Usually organized community efforts to raise money to promote financial programs of institutions. The funds may include individual gifts.
Legally authorized corporations owned and managed by one or more professionals (medical, dental, legal) in which the income is ascribed primarily to the professional activities of the owners or stockholders.
Educational institutions.
Former kingdom, located on Korea Peninsula between Sea of Japan and Yellow Sea on east coast of Asia. In 1948, the kingdom ceased and two independent countries were formed, divided by the 38th parallel.
Use for articles on the investing of funds for income or profit.
A quantitative measure of the frequency on average with which articles in a journal have been cited in a given period of time.
All of Africa except Northern Africa (AFRICA, NORTHERN).
A republic in southern Africa, the southernmost part of Africa. It has three capitals: Pretoria (administrative), Cape Town (legislative), and Bloemfontein (judicial). Officially the Republic of South Africa since 1960, it was called the Union of South Africa 1910-1960.
That distinct portion of the institutional, industrial, or economic structure of a country that is controlled or owned by non-governmental, private interests.
The geographical area of Africa comprising ALGERIA; EGYPT; LIBYA; MOROCCO; and TUNISIA. It includes also the vast deserts and oases of the Sahara. It is often referred to as North Africa, French-speaking Africa, or the Maghreb. (From Webster's New Geographical Dictionary, 1988, p856)
Activities concerned with governmental policies, functions, etc.
The appearance of the face that is often characteristic of a disease or pathological condition, as the elfin facies of WILLIAMS SYNDROME or the mongoloid facies of DOWN SYNDROME. (Random House Unabridged Dictionary, 2d ed)
The anterior portion of the head that includes the skin, muscles, and structures of the forehead, eyes, nose, mouth, cheeks, and jaw.
A type of stress exerted uniformly in all directions. Its measure is the force exerted per unit area. (McGraw-Hill Dictionary of Scientific and Technical Terms, 6th ed)
Transfer of preovulatory oocytes from donor to a suitable host. Oocytes are collected, fertilized in vitro, and transferred to a host that can be human or animal.
A method of comparing the cost of a program with its expected benefits in dollars (or other currency). The benefit-to-cost ratio is a measure of total return expected per unit of money spent. This analysis generally excludes consideration of factors that are not measured ultimately in economic terms. Cost effectiveness compares alternative ways to achieve a specific set of results.
Organic chemistry methodology that mimics the modular nature of various biosynthetic processes. It uses highly reliable and selective reactions designed to "click" i.e., rapidly join small modular units together in high yield, without offensive byproducts. In combination with COMBINATORIAL CHEMISTRY TECHNIQUES, it is used for the synthesis of new compounds and combinatorial libraries.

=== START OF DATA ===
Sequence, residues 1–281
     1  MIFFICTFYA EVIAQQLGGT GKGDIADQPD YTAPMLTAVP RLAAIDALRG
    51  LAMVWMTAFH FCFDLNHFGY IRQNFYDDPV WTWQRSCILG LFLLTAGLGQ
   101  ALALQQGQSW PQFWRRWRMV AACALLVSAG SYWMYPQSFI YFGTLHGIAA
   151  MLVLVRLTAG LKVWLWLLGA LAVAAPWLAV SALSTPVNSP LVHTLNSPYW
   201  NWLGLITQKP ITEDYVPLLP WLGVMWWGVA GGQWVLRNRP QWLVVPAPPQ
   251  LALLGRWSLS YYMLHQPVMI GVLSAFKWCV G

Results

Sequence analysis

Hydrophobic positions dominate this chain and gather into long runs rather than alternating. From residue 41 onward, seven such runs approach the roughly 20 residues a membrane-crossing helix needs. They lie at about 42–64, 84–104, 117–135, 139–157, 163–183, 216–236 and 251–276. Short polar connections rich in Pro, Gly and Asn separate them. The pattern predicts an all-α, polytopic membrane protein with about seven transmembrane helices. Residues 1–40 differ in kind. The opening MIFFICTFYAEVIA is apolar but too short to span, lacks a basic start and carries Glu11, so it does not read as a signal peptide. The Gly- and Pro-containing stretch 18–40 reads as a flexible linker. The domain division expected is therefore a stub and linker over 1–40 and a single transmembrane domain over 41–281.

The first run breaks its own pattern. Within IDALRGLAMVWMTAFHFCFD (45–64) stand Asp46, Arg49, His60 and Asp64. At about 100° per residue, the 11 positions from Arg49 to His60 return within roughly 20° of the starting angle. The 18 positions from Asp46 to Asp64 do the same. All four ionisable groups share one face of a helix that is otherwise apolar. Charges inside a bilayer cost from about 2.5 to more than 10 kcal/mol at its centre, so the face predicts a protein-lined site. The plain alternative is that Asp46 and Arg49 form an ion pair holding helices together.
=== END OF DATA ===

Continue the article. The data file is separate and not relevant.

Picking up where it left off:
Individuals responsible for the development of policy and supervision of the execution of plans and functional operations.
Absolute, comparative, or differential costs pertaining to services, institutions, resources, etc., or the analysis and study of these costs.
Any substances taken in by the body that provide nourishment.
The area of a nation's economy that is tax-supported and under government control.
The geographic area of New England in general and when the specific state or states are not indicated. States usually included in this region are Maine, New Hampshire, Vermont, Massachusetts, Connecticut, and Rhode Island.
An autoimmune disorder mainly affecting young adults and characterized by destruction of myelin in the central nervous system. Pathologic findings include multiple sharply demarcated areas of demyelination throughout the white matter of the central nervous system. Clinical manifestations include visual loss, extra-ocular movement disorders, paresthesias, loss of sensation, weakness, dysarthria, spasticity, ataxia, and bladder dysfunction. The usual pattern is one of recurrent attacks followed by partial recovery (see MULTIPLE SCLEROSIS, RELAPSING-REMITTING), but acute fulminating and chronic progressive forms (see MULTIPLE SCLEROSIS, CHRONIC PROGRESSIVE) also occur. (Adams et al., Principles of Neurology, 6th ed, p903)
A malignant disease characterized by progressive enlargement of the lymph nodes, spleen, and general lymphoid tissue. In the classical variant, giant usually multinucleate Hodgkin's and REED-STERNBERG CELLS are present; in the nodular lymphocyte predominant variant, lymphocytic and histiocytic cells are seen.
The teaching or training of patients concerning their own health needs.
A general term for various neoplastic diseases of the lymphoid tissue.
Persons who provide care to those who need supervision or assistance in illness or disability. They may provide the care in the home, in a hospital, or in an institution. Although caregivers include trained medical, nursing, and other health personnel, the concept also refers to parents, spouses, or other family members, friends, members of the clergy, teachers, social workers, fellow patients.
Evaluation undertaken to assess the results or consequences of management and procedures used in combating disease in order to determine the efficacy, effectiveness, safety, and practicability of these interventions in individual cases or series.